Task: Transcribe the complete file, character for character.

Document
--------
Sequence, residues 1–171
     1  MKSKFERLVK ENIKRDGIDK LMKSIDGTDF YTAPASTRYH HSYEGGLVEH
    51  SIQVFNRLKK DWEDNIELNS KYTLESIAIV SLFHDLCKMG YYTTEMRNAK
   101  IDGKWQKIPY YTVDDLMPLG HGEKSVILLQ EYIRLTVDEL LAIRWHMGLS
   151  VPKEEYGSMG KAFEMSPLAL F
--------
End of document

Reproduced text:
Sequence, residues 1–171
     1  MKSKFERLVK ENIKRDGIDK LMKSIDGTDF YTAPASTRYH HSYEGGLVEH
    51  SIQVFNRLKK DWEDNIELNS KYTLESIAIV SLFHDLCKMG YYTTEMRNAK
   101  IDGKWQKIPY YTVDDLMPLG HGEKSVILLQ EYIRLTVDEL LAIRWHMGLS
   151  VPKEEYGSMG KAFEMSPLAL F